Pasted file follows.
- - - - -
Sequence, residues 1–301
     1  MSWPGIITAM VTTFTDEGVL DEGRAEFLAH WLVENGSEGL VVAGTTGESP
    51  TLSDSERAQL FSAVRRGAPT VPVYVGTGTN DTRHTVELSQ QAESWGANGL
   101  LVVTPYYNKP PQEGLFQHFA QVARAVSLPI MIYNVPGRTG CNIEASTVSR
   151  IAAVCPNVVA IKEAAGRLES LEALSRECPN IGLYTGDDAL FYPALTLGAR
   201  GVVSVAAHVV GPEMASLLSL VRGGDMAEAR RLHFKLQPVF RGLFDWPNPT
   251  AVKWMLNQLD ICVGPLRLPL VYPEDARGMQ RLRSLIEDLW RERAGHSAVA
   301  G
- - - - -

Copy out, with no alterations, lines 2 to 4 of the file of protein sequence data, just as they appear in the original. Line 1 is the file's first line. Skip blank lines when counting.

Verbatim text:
     1  MSWPGIITAM VTTFTDEGVL DEGRAEFLAH WLVENGSEGL VVAGTTGESP
    51  TLSDSERAQL FSAVRRGAPT VPVYVGTGTN DTRHTVELSQ QAESWGANGL
   101  LVVTPYYNKP PQEGLFQHFA QVARAVSLPI MIYNVPGRTG CNIEASTVSR